Bioplastics – recyclable, compostable, biodegradable

What are the alternatives to single-use plastics? What are bioplastics? Are some plastics truly biodegradable? Do you ask yourself these questions? I have done some research to help you there and I am about to respond to all of this in this article!

You may wonder why my website is called “Unwrapping Supply Chain” quite simply I grew an interest in the environmental linked to supply chains from biodiversity loss, packaging optimisation and greenhouse gas emissions. When I started working in a warehouse, I noticed the amount of plastic wraps used and discarded from pallets. Thin plastics are difficult to recycle especially with a label like they are in a warehouse. This wrapping and unwrapping of plastic became the title of this website. Despite this, I not covered my opinion and options for plastic alternatives on the website. Rest assured, this day has come!

What’s wrong with plastics?

I don’t want to say everything but it’s quite a lot. These polymers were created for their sturdiness, malleability, lightness and low cost. According to Plastics Europe, plastic is a “term commonly used to describe a wide range of synthetic or semi-synthetic materials that are used in a huge and growing range of applications. … The raw materials used to produce plastics are natural products such as cellulose, coal, natural gas, salt and, of course, crude oil.”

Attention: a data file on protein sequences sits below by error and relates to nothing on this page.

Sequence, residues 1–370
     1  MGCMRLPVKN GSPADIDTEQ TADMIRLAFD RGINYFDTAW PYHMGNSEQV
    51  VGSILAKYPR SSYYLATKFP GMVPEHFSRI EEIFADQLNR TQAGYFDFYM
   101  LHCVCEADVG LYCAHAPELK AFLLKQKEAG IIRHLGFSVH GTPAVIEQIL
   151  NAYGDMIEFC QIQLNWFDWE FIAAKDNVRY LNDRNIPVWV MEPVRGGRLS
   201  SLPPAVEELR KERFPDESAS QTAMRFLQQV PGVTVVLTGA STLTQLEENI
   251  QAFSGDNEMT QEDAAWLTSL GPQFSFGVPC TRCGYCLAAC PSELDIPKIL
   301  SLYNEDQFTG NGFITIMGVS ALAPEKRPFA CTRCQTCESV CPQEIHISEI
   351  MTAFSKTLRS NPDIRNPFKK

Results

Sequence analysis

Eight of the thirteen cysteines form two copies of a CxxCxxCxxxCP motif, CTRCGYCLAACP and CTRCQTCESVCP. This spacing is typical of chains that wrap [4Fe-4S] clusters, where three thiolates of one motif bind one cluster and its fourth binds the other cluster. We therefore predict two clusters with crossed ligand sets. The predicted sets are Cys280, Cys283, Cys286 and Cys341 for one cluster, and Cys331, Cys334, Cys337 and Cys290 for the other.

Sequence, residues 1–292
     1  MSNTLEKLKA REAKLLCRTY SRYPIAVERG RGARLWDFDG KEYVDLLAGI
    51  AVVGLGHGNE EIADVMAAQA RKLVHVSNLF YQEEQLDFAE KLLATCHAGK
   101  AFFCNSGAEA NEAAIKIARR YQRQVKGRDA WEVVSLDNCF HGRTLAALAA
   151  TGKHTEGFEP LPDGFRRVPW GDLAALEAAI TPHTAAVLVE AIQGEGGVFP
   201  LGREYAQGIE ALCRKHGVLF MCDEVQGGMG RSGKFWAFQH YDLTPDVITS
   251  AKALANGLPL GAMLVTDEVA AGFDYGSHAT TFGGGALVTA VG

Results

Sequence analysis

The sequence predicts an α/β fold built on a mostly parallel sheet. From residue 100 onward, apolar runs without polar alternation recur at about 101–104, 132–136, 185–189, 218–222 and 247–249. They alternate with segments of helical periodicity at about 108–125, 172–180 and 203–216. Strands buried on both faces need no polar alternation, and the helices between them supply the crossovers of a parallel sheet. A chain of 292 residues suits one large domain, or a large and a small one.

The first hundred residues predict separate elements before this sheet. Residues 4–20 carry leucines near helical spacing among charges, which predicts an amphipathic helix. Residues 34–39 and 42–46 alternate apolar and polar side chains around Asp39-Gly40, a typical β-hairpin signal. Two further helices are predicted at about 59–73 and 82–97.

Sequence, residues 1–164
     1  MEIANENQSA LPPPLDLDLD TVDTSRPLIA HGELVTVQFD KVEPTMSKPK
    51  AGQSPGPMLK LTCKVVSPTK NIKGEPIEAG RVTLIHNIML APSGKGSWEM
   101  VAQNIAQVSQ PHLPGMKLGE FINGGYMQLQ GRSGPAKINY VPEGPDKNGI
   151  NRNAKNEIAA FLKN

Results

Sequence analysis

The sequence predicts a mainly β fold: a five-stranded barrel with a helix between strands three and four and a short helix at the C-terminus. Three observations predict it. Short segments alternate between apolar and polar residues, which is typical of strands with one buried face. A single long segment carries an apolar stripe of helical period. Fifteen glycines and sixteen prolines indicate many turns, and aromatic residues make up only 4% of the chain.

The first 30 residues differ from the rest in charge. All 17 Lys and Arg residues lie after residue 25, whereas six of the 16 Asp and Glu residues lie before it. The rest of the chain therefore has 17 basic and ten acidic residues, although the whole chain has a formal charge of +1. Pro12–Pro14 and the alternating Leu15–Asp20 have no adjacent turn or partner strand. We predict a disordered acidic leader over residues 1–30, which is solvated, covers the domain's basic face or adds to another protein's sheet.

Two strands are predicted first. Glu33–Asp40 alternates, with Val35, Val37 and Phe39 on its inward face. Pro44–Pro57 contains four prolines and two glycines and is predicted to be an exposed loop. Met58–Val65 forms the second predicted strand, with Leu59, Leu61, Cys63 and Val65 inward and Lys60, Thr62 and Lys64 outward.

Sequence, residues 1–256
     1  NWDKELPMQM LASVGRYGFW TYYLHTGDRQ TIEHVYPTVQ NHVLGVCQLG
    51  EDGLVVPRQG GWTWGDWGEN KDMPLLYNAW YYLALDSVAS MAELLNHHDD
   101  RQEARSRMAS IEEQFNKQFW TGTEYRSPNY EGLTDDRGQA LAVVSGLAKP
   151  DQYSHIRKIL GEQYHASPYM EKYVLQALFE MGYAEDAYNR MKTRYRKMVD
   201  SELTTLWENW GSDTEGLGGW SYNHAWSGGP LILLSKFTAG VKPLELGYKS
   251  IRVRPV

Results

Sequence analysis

The low cost has enabled the emergence of single-use items where convenience and low cost takes over reusable items. This has been convenient for medicine and increasing the safety of some processes and interventions. This got me wondering what medicine used for instance for IV drips before plastics – it was reusable rubber that gets cleaned or glass. However, the extent of the use has gone far beyond what is necessary with almost every product being available in plastic… truly anything beyond helping medicine.

To assess the impact of a product thus our plastics on the planet you need to take into consideration the Life Cycle of the product. You assess how it is produced, used and discarded to quantify the impact.

A lifecycle assessment from the University of Delft

For an easy view of the life cycle, you can consider that plastics starts with a polymer as explained above, it is transported to be manufactured and used one or many times. The product is then discarded, put in landfill, burnt for energy recovery or recycled. It is cheap and produced for a high growth linear model. The cost does not bear the social and environmental cost of the produce.

The durability of plastics means it does not biodegrade into non-toxic elements. Plastic does breakdown or degrade after centuries into tiny plastic or powder elements – microplastics. Calling fossil oil based plastic compostable or biodegradable is plain false. This very property of plastic has caused a widespread plastic and micro-plastic overflow considering that 90% of plastics ever created have not been recycled. If you find it difficult to assess what is greenwashing we have some resources. At the current rate of growth, the plastic industry could be responsible for 20% of the oil consumption.

what is the alternative?